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Title: Male reproductive success and population control in the Mediterranean fruit fly, Ceratitis capitata
Author: Leftwich, Philip
ISNI:       0000 0004 2748 4455
Awarding Body: University of East Anglia
Current Institution: University of East Anglia
Date of Award: 2012
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The traits that determine male reproductive success in Ceratitis capitata (medfly) are largely unknown. This comes despite decades of research into the reproductive behaviour of this agricultural pest. An understanding of what makes a successful male is of great importance in this lekking species, as one male has the ability to dominate access to females. In addition species-specific pest control techniques such as the Sterile Insect Technique (SIT) and Release of Insects carrying a Dominant Lethal (RIDL) rely on the mating competitiveness of mass-reared ‘sterile’ males to disrupt natural mating systems and reduce population numbers. However, it is well known that the mass-rearing process required to generate these individuals produces less competitive males, despite this an understanding of the sexual selection processes that are involved is severely lacking. In this thesis I used the medfly as a model organism to investigate the context-dependent nature of male reproductive success. In Chapters 2 and 3 I investigate the effect of manipulating the adult sex ratio on pre- and post-mating reproductive traits. Chapter 2 uses proximate manipulation of the adult sex ratio to show how the relationship between pre- and post-mating success is affected by the levels of male competition. Chapter 3 shows that selection lines are unable to select for the traits that predict male reproductive success under altered levels of male competition. Chapter 4 describes the attempts to produce RIDL genetic constructs with embryonic lethality. Chapter 5 demonstrates that RIDL lines of medfly display characteristics that make them suitable for wild population control and may exceed the performance of existing SIT lines. Chapter 6 shows that manipulation of the larval diet can alter the gut microbiota of adults; however these manipulations have no effect on reproductive behaviour. Instead there was a significant effect of high-sugar larval rearing on mating success and body mass. This effect persisted for a single generation in offspring of these flies, even when they were reared on an inferior starch-based larval diet. Finally Chapter 7 summarises the thesis and discusses the implications of this work and future directions for both research in the reproductive behaviour of the medfly, and the future of RIDL technology in medfly population control.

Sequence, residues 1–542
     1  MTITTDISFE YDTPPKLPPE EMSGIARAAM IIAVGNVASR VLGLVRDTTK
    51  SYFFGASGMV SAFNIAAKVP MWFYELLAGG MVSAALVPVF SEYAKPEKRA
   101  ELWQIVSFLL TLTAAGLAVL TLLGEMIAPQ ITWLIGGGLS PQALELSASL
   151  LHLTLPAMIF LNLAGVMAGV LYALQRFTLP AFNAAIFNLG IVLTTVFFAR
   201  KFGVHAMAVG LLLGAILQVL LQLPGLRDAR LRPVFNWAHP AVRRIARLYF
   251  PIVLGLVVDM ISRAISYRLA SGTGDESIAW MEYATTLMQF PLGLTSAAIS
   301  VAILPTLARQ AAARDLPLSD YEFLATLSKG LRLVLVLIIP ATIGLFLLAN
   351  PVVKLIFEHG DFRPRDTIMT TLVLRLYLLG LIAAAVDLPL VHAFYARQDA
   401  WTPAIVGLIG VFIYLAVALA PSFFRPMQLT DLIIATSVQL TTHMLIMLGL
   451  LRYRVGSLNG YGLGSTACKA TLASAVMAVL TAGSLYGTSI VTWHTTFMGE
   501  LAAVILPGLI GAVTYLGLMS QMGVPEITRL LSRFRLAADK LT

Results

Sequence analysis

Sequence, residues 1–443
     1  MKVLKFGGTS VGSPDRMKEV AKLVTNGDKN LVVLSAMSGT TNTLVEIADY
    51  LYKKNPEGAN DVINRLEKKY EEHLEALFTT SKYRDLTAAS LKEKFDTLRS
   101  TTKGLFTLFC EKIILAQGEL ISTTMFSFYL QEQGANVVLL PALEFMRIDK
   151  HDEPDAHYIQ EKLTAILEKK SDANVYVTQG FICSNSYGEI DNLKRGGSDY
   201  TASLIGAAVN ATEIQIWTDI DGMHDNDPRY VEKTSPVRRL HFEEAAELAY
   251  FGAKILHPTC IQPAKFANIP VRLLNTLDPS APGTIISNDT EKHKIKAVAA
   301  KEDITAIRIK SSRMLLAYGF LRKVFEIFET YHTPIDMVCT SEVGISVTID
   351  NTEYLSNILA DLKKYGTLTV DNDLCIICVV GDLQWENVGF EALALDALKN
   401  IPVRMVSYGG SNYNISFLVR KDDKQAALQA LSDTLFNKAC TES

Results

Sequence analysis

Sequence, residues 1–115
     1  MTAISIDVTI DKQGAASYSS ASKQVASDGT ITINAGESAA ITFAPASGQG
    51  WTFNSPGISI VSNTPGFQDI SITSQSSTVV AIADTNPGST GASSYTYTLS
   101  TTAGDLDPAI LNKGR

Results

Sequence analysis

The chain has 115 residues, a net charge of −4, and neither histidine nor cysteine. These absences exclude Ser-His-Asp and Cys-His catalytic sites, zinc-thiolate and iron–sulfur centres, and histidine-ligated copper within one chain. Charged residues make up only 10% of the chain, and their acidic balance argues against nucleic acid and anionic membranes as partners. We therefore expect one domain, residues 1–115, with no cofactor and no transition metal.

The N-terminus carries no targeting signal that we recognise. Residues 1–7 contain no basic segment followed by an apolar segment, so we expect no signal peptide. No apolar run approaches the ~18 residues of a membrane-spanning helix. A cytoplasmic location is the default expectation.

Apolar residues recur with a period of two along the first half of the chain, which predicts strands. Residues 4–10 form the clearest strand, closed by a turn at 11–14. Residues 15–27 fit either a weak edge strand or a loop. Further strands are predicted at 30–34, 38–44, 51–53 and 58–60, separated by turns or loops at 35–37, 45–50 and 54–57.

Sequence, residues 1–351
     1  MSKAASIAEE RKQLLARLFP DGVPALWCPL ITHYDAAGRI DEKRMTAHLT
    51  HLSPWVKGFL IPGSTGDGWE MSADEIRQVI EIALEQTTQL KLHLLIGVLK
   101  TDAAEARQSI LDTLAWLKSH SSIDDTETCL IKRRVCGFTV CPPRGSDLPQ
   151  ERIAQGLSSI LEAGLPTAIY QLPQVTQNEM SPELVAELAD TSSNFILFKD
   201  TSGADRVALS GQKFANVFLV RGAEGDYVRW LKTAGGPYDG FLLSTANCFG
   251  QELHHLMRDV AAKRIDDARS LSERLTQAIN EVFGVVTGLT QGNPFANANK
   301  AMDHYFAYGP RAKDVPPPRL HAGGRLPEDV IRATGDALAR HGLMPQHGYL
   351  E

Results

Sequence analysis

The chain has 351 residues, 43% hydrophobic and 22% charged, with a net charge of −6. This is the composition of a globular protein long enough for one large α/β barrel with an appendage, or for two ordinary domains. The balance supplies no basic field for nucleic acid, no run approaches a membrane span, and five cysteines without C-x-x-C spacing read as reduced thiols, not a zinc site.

Supervisor: Not available Sponsor: Not available
Qualification Name: Thesis (Ph.D.) Qualification Level: Doctoral
EThOS ID:  DOI: Not available